Community Voices: Speaking Truth
John D. O’Bryant School of Mathematics and Science, Roxbury, MA
In 2020, a community needs assessment that took place in Boston, MA found that feelings of isolation were a particular struggle for Black and Latinx seniors. That gave C’Lannye James an idea. With a focus on Roxbury, a neighborhood of Boston with a predominantly Black and Latinx population, C’Lannye joined the Community Voices: Speaking Truth program and started co-coordinating virtual wellness check-ins that connected youth participants and older adults so the seniors would have someone to talk to, catch up with and trade stories with—all key to alleviating loneliness. She’s also spearheaded an initiative to create a computer education curriculum to help seniors learn how to manage their health with various technologies. She’s now in college in New York studying environmental chemistry but looks forward to seeing the program expand.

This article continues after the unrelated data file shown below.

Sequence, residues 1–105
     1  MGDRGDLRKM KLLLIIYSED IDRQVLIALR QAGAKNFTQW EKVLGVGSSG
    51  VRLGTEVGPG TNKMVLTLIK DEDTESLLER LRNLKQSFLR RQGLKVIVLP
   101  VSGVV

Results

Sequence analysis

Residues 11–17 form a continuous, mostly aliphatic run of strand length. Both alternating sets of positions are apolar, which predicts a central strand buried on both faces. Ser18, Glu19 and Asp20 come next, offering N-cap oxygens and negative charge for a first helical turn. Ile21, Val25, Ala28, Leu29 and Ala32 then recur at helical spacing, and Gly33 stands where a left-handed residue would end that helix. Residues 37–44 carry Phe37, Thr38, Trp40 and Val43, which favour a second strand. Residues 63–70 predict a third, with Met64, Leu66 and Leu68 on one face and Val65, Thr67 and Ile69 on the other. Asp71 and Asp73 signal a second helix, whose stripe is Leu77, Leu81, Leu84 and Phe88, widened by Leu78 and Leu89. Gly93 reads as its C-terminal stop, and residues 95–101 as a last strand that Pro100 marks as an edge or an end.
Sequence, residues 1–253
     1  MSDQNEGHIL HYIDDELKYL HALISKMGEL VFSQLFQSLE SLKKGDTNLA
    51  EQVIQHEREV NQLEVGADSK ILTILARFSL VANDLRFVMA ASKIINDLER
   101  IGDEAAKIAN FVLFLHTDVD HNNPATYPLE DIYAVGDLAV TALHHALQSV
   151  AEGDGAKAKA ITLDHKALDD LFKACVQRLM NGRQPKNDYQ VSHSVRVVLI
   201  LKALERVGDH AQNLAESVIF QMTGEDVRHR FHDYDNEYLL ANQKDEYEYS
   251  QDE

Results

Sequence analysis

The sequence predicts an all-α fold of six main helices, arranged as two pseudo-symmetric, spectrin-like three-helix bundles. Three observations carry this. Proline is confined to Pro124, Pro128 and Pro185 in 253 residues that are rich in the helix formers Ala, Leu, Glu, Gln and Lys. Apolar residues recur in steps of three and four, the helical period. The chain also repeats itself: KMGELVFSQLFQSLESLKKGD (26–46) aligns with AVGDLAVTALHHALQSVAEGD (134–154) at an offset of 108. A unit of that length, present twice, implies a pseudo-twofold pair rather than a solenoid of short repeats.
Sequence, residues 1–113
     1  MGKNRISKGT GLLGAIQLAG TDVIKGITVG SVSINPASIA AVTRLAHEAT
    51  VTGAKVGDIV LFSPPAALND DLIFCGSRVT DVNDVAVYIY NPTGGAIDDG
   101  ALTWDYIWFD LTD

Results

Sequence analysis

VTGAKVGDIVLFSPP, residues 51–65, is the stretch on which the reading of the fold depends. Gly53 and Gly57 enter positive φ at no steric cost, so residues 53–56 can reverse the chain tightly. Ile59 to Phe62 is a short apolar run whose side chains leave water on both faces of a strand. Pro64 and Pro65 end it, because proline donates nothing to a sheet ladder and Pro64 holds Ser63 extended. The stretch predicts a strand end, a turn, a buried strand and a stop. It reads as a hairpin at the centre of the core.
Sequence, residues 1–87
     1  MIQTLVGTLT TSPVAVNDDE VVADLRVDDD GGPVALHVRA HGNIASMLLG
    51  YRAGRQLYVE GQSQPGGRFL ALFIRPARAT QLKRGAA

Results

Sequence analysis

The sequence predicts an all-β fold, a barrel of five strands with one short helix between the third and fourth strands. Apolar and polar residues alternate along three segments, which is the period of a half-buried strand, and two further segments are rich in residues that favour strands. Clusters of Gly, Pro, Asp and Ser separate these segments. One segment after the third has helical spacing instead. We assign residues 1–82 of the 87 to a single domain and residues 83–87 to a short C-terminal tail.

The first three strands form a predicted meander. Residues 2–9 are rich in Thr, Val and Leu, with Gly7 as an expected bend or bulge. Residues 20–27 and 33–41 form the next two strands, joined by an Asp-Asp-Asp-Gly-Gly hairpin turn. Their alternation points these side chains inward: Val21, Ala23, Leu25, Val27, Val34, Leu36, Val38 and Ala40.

“Relationships between young people and our seniors are the key to strong communities,” she says. “As COVID-19 restrictions lift…Community Voices hopes to engage in socially distanced, in-person activities with elders to encourage physical wellness in addition to the social wellness facilitated by the check-ins.”
The Five Star Difference: Community Connections
As a leading provider of senior living hospitality and care services, OMEGA scholarship sponsor Five Star understands the importance of fostering social connections, including intergenerational relationships, for older adults. Many of our communities partner with local schools or youth groups to promote these types of connections. Find a Five Star Senior Living community near you to learn more.